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Make Work Worth Doing: The Impact of Task Switching on Work and Life

Updated: Mar 7

In our pursuit of personal and operational productivity, we too often lose sight of that deeper purpose behind improving work. What contributes to a life worth living? From a psychological and Lean Thinking perspective, the purpose is not productivity or cost reduction, although these are often a result. The purpose is to create value, raise our standard of living, and improve our quality of life. Every kaizen brings us closer to work worth working, while misguidedly valued work styles and concepts like task switching pull us further away from our personal flow state.


Is there really such a thing as being in “the zone?” If so, what happens out of “the zone?”


Behind the phrase we’ve come to know as “the zone” is the theory of Flow State. It is regularly used to describe professionals, artists, or athletes as they bring the right balance of skill to the right balance of challenge, thus achieving a psychological state that elicits a sense of timelessness, ecstasy, and inner clarity. Psychologist Mihaly Csikszentmihalyi (2004) developed a model that demonstrates the path to Flow State and the alternative psychological states that occur outside of Flow:


(Nakamura & Csikszentmihalyi, 2014)


Our lives are filled with challenges that break our flow. Task switching, or multitasking, may be one of the most critical and common challenges. In fact, it has been sold to us as a means to greater productivity. Not only is this untrue, but it erodes productivity, destroys value creation, lessens our standard of living, and deteriorates our quality of life. While overlapping work may give the appearance of multiple goals being accomplished at once, in reality people are constantly switching back and forth from moment to moment as they work, which incurs heavy costs and significant problems (American Psychological Association, 2006).


The following activity demonstrates this, and is as simple as saying your ABC’s or counting to 26, and it can help you and your teams quickly experience and measure the impact of a sneaky stress-inducing and value-reducing problem: task switching.



In the course of our kaizen practice, the cost of switching is observable - it looks like a waste of motion as people put something down to finish something, and then return back to the first thing to (maybe) finish it. We can even quantify the time and frequency associated with that motion and create an opportunity size.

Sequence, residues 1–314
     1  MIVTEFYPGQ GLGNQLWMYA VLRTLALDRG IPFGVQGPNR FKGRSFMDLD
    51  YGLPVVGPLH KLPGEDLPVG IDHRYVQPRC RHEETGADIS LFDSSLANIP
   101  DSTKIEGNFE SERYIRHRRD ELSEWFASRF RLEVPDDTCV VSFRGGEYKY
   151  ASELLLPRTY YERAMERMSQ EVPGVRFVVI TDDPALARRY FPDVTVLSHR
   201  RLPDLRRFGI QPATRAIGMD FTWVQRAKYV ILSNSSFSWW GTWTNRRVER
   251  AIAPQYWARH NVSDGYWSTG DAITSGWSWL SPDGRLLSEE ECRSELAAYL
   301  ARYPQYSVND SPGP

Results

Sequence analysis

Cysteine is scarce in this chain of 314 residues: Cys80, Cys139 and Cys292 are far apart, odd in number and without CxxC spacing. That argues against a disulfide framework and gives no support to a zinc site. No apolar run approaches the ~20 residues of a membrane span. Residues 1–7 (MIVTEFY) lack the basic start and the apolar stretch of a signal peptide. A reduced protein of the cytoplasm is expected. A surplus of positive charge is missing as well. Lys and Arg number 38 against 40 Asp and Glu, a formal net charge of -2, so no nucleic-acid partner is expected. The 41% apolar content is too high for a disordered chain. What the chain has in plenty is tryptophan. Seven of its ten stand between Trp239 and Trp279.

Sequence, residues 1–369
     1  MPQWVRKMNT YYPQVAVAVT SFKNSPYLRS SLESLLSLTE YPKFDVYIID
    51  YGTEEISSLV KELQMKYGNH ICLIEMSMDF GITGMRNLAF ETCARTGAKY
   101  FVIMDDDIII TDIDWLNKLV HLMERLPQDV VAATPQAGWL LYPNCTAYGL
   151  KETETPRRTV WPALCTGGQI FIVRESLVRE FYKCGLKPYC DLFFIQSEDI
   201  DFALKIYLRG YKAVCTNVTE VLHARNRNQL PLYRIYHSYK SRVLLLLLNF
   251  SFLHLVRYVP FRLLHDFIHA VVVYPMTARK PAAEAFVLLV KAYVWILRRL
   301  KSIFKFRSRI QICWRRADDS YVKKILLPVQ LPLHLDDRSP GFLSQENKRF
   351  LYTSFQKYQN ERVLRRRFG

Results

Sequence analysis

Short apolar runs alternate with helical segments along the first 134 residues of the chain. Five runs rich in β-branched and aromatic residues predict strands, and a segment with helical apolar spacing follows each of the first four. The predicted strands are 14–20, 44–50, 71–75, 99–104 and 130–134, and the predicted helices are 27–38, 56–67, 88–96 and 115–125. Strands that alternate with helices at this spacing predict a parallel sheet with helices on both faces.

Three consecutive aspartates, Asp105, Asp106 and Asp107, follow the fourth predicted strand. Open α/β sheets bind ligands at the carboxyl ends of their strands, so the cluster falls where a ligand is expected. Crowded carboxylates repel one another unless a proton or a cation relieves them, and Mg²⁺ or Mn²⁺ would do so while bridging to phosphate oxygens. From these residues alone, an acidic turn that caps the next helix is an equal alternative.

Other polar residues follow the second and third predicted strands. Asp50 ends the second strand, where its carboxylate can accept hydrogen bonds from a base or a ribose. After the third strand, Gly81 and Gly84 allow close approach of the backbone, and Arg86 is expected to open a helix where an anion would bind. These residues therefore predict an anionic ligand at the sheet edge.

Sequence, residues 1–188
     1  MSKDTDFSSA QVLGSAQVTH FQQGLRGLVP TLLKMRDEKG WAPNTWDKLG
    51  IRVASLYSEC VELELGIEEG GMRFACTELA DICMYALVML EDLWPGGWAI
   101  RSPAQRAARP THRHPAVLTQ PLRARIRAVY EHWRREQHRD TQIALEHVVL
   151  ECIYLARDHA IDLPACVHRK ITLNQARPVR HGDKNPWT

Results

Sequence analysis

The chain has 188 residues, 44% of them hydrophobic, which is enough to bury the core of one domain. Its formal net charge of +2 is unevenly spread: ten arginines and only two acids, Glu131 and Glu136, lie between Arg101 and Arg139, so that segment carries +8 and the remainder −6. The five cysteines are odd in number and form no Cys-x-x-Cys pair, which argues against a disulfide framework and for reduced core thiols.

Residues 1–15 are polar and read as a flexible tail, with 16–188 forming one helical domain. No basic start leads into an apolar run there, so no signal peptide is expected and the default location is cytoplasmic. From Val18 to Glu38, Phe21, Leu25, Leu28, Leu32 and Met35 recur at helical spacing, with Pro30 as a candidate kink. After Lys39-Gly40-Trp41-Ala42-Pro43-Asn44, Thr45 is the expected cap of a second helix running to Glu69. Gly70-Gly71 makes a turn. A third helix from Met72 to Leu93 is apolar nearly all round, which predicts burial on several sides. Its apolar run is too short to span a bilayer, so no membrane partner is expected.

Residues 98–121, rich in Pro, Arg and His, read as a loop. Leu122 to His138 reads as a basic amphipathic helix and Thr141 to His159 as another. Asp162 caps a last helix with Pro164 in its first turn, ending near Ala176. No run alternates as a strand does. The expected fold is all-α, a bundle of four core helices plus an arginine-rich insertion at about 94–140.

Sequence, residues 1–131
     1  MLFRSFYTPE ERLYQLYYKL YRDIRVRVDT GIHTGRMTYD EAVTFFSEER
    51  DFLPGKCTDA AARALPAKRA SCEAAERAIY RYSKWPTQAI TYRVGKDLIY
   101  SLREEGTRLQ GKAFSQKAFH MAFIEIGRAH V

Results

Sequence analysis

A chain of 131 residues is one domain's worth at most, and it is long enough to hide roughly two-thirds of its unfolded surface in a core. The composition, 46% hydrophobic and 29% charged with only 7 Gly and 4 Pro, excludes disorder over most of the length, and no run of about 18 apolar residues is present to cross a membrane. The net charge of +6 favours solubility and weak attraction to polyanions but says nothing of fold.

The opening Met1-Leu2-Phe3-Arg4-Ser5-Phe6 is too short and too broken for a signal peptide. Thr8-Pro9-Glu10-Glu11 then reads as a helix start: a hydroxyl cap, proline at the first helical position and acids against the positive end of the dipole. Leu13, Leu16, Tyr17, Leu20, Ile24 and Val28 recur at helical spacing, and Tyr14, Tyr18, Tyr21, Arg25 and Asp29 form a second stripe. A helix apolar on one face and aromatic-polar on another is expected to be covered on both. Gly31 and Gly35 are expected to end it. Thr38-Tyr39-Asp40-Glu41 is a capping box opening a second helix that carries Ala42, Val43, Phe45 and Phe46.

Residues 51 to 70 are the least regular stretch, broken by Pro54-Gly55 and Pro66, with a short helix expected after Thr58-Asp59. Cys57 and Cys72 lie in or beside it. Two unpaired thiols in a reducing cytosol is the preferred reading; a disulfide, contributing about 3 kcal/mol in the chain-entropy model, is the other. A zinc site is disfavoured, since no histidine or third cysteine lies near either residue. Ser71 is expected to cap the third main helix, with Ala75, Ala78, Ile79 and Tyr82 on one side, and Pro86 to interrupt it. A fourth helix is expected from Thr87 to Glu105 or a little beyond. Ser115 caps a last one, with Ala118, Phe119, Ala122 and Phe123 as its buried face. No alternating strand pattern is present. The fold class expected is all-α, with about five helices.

When work provides significance to the people doing it and the experience of that work allows people to be present, it results in satisfaction and engagement. This state compels people to contribute to their organizations above and beyond any job requirement; the motivation becomes intrinsic and personal (Podsakoff et al., 2000) (Nakamura & Csikszentmihalyi, 2014 ). Poorly designed work that unnecessarily increases challenge and introduces stress and distraction diminishes people’s ability to be present, leading to a loss of personal and organizational value, and even counterproductive behavior (Podsakoff et al., 2000).


We have great news! There are effective ways to systematically prevent task switching so that our teams have work that allows them to maintain customer focus, decrease lead-times, create more value, raise our standard of living, and improve the quality of life.


Get in touch if you want to learn more.





References


American Psychological Association. (2006, March 20). Multitasking: Switching costs. Multitasking: Switching costs.


Csikszentmihalyi, M. (2004, February). über “Flow” [Video]. Ted Conference. https://www.ted.com/talks/mihaly_csikszentmihalyi_flow_the_secret_to_happiness?language=de


Nakamura, J., & Csikszentmihalyi, M. (2014). The concept of flow. In Flow and the foundations of positive psychology (pp. 239-263). Springer, Dordrecht.


Podsakoff, P. M., MacKenzie, S. B., Paine, J. B., & Bachrach, D. G. (2000). Organizational citizenship behaviors: A critical review of the theoretical and empirical literature and suggestions for future research. Journal of Management, 26(3), 513-563. doi:10.1177/014920630002600307


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